Obstructive Sleep Apnea
Your sleep impacts every aspect of your health and daily life. Sleeping well helps you look, feel and perform your best. But a sleep problem can be harmful to your health and well-being. One of the most common sleep problems is obstructive sleep apnea. Learn more about the warning signs and how you can get help.
About Obstructive Sleep Apnea
Nearly 30 million adults in the U.S. have obstructive sleep apnea (OSA), which can cause them to stop breathing hundreds of times a night for anywhere from a few seconds to more than a minute.
Sleep apnea is a chronic condition that occurs when your muscles relax during sleep, allowing soft tissue to collapse and block the airway. As a result, repeated breathing pauses occur, which often reduce your oxygen levels. These breathing pauses are followed by brief awakenings that disturb your sleep.
Common signs of sleep apnea include snoring and gasping or choking sounds during sleep. Like snoring, sleep apnea is more common in men, but it can occur in women too, especially during and after menopause. Having excess body weight, a narrow airway or misaligned jaw all increase the risk of sleep apnea.
Is Treating OSA Important?
Treating obstructive sleep apnea is incredibly important to your health. When left untreated, sleep apnea often causes excessive daytime sleepiness or fatigue, as well as morning headaches and memory loss. Sleep apnea also is a threat to your safety as it increases your risk of drowsy driving and workplace accidents. Untreated sleep apnea raises your risk for serious health problems. These include:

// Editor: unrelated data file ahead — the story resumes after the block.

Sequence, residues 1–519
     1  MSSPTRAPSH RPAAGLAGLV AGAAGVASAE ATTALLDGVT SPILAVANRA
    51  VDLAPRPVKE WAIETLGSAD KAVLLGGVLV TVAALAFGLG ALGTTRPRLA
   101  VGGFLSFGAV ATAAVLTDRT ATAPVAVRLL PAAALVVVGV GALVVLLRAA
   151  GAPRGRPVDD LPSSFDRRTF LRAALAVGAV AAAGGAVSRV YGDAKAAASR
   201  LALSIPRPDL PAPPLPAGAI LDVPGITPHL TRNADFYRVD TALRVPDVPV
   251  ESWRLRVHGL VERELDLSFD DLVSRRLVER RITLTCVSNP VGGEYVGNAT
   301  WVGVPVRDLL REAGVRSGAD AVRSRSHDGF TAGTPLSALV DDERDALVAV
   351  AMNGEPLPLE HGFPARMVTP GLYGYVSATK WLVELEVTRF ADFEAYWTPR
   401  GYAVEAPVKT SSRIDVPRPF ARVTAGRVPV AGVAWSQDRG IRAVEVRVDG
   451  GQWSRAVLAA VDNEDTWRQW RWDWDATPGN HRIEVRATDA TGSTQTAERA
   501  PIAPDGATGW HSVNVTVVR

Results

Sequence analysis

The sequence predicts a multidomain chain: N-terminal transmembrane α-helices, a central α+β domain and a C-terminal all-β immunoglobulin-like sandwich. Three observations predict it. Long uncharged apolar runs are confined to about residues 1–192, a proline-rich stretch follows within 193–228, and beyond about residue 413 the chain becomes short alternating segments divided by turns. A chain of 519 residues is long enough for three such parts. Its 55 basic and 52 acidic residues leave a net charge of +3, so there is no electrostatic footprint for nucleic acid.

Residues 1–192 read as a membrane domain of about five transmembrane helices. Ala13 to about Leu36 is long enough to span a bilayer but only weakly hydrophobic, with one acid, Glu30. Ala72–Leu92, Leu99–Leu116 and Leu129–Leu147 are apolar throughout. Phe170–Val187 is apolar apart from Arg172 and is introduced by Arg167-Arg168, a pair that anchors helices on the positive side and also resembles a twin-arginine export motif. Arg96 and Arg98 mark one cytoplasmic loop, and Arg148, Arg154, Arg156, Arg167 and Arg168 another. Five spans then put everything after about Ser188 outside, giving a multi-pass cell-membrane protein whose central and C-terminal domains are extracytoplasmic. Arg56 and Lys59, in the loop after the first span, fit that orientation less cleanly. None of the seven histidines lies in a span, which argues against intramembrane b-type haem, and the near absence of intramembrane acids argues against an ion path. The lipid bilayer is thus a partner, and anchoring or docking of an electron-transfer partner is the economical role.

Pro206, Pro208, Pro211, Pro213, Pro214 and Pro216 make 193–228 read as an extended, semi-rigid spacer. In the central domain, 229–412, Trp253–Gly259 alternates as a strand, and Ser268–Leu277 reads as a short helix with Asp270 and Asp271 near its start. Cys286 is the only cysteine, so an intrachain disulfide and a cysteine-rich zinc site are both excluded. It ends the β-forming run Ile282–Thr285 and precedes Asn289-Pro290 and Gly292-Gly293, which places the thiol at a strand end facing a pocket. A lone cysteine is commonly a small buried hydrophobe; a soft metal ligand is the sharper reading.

- High blood pressure
- Heart disease
- Chronic acid reflux
- Erectile dysfunction
Severe, untreated sleep apnea even increases your risk of death.
How is OSA Diagnosed?
Kleinheinz Dentistry is proud to offer a Free Sleep Study. Call our office for more information. 704-542-6003.
How is OSA Treated?
Dr. Kleinheinz can discuss treatment options with you. We will provide a FREE SLEEP STUDY at your convenience.
- Oral appliance therapy uses a mouth guard-like device - worn only during sleep - to maintain an open, unobstructed airway.
Research shows that oral appliance therapy is an effective treatment option for snoring and obstructive sleep apnea. An oral appliance is worn in the mouth only while you sleep and fits like a sports mouth guard or an orthodontic retainer. Oral appliances support your jaw in a forward position to help maintain an open upper airway.
Many patients consider a sleep apnea appliance to be more comfortable to wear than a CPAP mask. Oral appliances also are quiet, portable and easy to care for.